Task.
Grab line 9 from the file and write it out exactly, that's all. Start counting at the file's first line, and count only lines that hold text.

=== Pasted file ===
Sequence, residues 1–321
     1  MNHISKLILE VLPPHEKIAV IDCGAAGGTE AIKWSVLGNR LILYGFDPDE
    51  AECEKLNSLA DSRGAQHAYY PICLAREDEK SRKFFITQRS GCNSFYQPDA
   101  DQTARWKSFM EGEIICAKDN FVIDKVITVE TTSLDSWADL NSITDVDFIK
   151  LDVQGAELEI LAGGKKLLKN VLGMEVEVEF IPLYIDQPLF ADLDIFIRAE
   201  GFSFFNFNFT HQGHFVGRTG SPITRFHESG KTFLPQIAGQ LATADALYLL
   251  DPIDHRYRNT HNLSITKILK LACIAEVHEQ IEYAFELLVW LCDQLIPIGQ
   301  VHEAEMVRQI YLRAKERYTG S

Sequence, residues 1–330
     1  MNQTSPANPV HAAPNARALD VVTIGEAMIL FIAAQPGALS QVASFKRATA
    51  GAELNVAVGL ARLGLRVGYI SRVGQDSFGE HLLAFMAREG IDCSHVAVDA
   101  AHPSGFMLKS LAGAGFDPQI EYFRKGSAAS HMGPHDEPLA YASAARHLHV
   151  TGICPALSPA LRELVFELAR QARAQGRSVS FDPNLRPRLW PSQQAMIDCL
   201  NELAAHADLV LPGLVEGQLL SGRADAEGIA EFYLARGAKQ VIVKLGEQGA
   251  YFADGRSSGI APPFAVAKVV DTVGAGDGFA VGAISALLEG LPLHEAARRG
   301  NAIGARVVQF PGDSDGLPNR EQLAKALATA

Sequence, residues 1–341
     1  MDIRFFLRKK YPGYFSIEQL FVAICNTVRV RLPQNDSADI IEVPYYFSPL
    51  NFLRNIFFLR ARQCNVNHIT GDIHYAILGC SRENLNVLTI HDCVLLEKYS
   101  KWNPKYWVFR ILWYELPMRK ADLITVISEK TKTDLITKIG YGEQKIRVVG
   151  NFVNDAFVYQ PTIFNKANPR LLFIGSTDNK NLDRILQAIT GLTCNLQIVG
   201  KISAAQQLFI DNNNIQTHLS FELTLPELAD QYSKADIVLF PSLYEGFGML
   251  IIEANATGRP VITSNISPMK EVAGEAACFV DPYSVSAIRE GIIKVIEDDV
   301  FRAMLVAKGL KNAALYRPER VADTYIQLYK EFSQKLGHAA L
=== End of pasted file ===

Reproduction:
Sequence, residues 1–330